• Dayum.. my first PC after owning an Atari 800XL .. piggybacked the memory to 640kb instead of the standard 256kb .

    doktermobieldoktermobiel5 månader sedan
  • get round to grandma's and pinch her knitting pattens

    Terence EdwardsTerence Edwards5 månader sedan
  • 26:06 same can be said for Japanese cars.

    Morahman7vnNo2Morahman7vnNo25 månader sedan
  • 30 years later still looks new, no retrobrite required

    m yum yu5 månader sedan
  • Almost any PC was affordable back then, if you wanted a bare to the bones, no frills PC. By the time you got adding upgrades to make it a decent PC, you could be looking at a 5K investment.

    Sphinx RisingSphinx Rising5 månader sedan
  • To exit WordStar: control k q hehe _:)

    Bryan ChanceBryan Chance6 månader sedan
  • Looks like a VCR.

    DoctorCrankyFlapsDoctorCrankyFlaps6 månader sedan
  • Not only did I own one of these, I sold them. At the time I worked in Computer Dept of London Drugs here in Canada (kind of a mini Walmart before Walmart became Walmart).

    Stephen AndersonStephen Anderson6 månader sedan
  • I remember back in my YTS days in 1988 my training centre had one of these amongst the other pc's and people would try to get in early to snag this as it was so much snappier to use than the other machines in wordperfect. The fact it was silver was also a bonus as silver electronic things were much cooler in the 80's

    bunter6bunter66 månader sedan
  • Nice looking machine.

    rager1969rager19696 månader sedan
  • Haha.. That computer looks very much like the VCRs Sanyo was making at the time. Actually, the silver plastic look was very popular in most of consumer electronics back then... Silver plastic and fake wood accents... Classy!

    MosstoneMosstone6 månader sedan
  • Oh god please don't stretch 4:3 images to 16:9 it looks horrid man

    Chris EveleyChris Eveley7 månader sedan
  • Wordstar was my moms favorite word processor. She was so attached to it that i was tasked with getting it working on all new family computers every time we upgraded. I didnt get her to give up on it until windows XP!

    nottiificationnottiification7 månader sedan
  • I don't see the relevance to the comparison of the NTSC 3.579MHz subcarrier and the processor running at 3.6MHz since it doesn't support NTSC composite output anyway or did you mean the processor clock IS derived from an NTSC burst crystal?. Also we can see 5(10) function keys up the side of the keyboard, how do they relate to the "6" function keys you mentioned which need to be accessed via a second key. Cheers.

    Ingmar MIngmar M7 månader sedan
  • Nope, I had one when they were dumped and it was MSDOS compatible. It was not sold as PC compatible. You could make it more compatible by wiring in a CGA card. But still the keyboard protocol and other stuff was different, so even then a lot of PC low level software didn't work.

    almerianalmerian7 månader sedan
  • I picked up one of these at a hock shop's garbage bin for $5 around 1992. They couldn't get it to work, but I was able to copy a Sanyo boot disk from a college mate and it was good to go.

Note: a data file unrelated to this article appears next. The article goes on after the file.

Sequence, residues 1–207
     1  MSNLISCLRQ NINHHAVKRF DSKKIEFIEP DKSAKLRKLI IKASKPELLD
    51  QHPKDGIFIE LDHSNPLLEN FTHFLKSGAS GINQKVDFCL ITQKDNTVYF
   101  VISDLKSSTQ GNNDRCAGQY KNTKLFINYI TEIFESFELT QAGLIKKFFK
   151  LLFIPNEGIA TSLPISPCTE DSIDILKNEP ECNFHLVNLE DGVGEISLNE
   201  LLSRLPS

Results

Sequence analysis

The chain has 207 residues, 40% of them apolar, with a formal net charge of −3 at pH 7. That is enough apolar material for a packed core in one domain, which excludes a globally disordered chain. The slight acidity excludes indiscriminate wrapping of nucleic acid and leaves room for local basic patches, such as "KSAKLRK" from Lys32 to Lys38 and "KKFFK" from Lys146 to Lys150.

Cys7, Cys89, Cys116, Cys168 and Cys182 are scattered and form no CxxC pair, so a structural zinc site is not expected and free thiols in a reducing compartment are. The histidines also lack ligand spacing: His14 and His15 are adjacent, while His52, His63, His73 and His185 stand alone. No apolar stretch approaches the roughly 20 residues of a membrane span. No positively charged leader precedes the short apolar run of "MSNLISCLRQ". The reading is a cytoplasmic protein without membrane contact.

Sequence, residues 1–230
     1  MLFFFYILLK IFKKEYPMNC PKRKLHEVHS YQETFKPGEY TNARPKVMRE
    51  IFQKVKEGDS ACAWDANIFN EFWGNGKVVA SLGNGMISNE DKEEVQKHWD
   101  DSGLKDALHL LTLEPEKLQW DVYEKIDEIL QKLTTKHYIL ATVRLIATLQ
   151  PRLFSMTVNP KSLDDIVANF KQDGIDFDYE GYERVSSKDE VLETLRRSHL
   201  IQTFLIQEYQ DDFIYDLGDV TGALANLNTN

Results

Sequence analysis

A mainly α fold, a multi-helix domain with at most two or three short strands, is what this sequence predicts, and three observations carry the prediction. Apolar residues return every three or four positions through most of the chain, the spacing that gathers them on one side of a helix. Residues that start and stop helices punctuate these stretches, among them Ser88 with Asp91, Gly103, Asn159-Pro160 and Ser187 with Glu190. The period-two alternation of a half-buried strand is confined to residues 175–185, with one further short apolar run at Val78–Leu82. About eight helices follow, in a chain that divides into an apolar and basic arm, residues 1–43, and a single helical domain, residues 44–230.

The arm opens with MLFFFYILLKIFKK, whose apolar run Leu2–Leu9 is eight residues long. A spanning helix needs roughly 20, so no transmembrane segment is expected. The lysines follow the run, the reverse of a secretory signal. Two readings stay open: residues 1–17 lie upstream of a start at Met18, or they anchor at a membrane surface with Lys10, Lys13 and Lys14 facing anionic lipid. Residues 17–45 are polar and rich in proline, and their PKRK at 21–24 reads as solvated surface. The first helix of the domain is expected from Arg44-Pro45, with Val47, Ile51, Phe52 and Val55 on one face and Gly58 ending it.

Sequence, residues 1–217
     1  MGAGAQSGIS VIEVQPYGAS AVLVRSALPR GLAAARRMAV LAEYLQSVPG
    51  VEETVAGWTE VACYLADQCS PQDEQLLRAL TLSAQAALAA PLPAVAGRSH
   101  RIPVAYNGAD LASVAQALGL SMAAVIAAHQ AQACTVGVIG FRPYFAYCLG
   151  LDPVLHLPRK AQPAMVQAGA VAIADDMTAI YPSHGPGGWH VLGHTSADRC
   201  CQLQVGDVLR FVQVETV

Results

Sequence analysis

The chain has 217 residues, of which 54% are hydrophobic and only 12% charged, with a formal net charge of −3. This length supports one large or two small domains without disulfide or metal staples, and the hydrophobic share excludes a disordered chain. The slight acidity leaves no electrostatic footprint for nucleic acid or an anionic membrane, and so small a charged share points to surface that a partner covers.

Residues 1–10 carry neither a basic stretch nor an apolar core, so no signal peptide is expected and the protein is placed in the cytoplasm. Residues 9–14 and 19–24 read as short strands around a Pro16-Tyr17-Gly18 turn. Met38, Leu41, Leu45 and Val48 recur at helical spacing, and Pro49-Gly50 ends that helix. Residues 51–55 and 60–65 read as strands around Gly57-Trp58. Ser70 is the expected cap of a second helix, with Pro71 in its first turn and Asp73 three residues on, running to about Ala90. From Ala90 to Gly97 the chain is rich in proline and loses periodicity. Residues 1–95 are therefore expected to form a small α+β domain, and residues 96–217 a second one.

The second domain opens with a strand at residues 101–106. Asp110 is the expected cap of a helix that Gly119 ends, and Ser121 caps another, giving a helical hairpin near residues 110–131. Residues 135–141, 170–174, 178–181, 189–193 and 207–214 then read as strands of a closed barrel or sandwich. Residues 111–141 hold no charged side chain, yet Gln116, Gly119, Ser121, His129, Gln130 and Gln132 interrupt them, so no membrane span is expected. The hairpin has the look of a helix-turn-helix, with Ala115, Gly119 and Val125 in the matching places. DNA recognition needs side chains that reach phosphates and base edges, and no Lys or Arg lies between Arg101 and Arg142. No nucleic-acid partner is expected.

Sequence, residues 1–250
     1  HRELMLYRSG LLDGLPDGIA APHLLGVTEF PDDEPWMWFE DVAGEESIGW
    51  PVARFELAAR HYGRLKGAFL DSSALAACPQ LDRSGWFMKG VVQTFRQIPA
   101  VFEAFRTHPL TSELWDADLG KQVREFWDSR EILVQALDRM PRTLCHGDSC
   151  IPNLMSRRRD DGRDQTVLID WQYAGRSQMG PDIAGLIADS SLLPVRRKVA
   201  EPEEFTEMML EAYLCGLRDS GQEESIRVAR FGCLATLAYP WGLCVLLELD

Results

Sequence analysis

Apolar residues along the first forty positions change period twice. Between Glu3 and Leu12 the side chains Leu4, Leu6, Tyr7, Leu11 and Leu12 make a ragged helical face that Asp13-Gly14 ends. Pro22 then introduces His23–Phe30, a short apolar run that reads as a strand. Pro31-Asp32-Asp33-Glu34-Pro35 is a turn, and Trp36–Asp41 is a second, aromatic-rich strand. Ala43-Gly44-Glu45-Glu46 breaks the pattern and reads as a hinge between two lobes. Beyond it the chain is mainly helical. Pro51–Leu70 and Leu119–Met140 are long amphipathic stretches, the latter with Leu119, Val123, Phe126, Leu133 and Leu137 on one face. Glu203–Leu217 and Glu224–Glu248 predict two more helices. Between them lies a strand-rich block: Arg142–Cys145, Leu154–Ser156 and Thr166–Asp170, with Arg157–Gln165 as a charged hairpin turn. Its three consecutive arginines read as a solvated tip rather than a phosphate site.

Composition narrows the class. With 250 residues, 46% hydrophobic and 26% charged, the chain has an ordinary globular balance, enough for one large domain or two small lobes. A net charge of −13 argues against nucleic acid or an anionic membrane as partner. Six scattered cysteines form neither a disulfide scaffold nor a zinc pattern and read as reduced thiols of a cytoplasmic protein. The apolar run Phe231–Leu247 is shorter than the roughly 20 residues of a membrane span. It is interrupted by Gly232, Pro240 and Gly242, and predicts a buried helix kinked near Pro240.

Da40kOrksDa40kOrks8 månader sedan
  • Caps Lock and Control are arranged like that because Sanyo is a Japanese company and Japanese keyboards have this messed up arrangement of Caps Lock and Control (even today)

    RafałRafał8 månader sedan
  • Interesting video! Shame about the silly music during the first half though... :-(

    31TimM31TimM8 månader sedan
  • Well, I can't make it through all the comments before I write something. But I had one of these from HS through college. It actually had better than CGA graphics, in that it was 640 x 200 (NOT 400 as he said in the video), but with 8 colors (3 bits per pixel). 16K was taken from the user's ram for this, and 32K of RAM came from elsewhere; the same 3 bits made up shades of grey and blinking through the composite connection. Unfortunately, the access to the graphics was poorly documented, at least as far as I could find. The system was ALWAYS in graphics mode, the characters you see are "painted" into the graphics memory by the bios. There was some form of hardware assist for scrolling. The speaker was connected to the transmit side of the UART (serial port) that received the keypress info from the keyboard; without special programming, it would always be lower in frequency, and sounded like a buzzer, or a fart, or stepping on a frog. I eventually upgraded from a single sided, 160K floppy drive, to two dual sided drives at 360K each. Some people had hard drives I guess. And I had the CGA compatible video adapter as well, which made a lot of things work, but the keyboard differences still caught you sometimes.

    Steve WahlSteve Wahl8 månader sedan
  • i have one of these. mine wouldn't boot up

    Paulo ConstantinoPaulo Constantino8 månader sedan
  • Awesome video, great research! The first IBM PC Compatibles I was able to use at home was my sisters Leading Edge PC and my fathers Victor VPCII PC. This was in 1985-86. My first experience at all with IBM PC's was my friends parents business, they had an original IBM 5150 with a 20MB HD and CGA graphics, this was in '83-84.

    Jason Daniel StoneJason Daniel Stone8 månader sedan